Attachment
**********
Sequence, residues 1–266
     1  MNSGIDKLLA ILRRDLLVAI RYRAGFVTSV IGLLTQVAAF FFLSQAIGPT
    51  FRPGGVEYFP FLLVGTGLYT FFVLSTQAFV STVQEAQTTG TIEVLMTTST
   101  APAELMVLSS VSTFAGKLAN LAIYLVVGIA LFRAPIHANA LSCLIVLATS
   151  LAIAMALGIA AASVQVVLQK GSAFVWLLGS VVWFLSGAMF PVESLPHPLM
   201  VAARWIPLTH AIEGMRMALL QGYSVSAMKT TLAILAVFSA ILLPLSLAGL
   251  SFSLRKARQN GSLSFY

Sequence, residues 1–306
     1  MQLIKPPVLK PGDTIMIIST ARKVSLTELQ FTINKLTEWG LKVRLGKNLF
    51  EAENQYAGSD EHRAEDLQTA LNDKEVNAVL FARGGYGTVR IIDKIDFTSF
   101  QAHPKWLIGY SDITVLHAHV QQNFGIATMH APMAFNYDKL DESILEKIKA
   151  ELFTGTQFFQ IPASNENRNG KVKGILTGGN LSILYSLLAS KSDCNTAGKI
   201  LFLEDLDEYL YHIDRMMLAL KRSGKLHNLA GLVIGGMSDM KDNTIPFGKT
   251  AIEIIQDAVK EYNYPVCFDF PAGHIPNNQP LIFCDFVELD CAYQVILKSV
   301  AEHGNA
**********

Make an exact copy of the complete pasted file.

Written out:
Sequence, residues 1–266
     1  MNSGIDKLLA ILRRDLLVAI RYRAGFVTSV IGLLTQVAAF FFLSQAIGPT
    51  FRPGGVEYFP FLLVGTGLYT FFVLSTQAFV STVQEAQTTG TIEVLMTTST
   101  APAELMVLSS VSTFAGKLAN LAIYLVVGIA LFRAPIHANA LSCLIVLATS
   151  LAIAMALGIA AASVQVVLQK GSAFVWLLGS VVWFLSGAMF PVESLPHPLM
   201  VAARWIPLTH AIEGMRMALL QGYSVSAMKT TLAILAVFSA ILLPLSLAGL
   251  SFSLRKARQN GSLSFY

Sequence, residues 1–306
     1  MQLIKPPVLK PGDTIMIIST ARKVSLTELQ FTINKLTEWG LKVRLGKNLF
    51  EAENQYAGSD EHRAEDLQTA LNDKEVNAVL FARGGYGTVR IIDKIDFTSF
   101  QAHPKWLIGY SDITVLHAHV QQNFGIATMH APMAFNYDKL DESILEKIKA
   151  ELFTGTQFFQ IPASNENRNG KVKGILTGGN LSILYSLLAS KSDCNTAGKI
   201  LFLEDLDEYL YHIDRMMLAL KRSGKLHNLA GLVIGGMSDM KDNTIPFGKT
   251  AIEIIQDAVK EYNYPVCFDF PAGHIPNNQP LIFCDFVELD CAYQVILKSV
   301  AEHGNA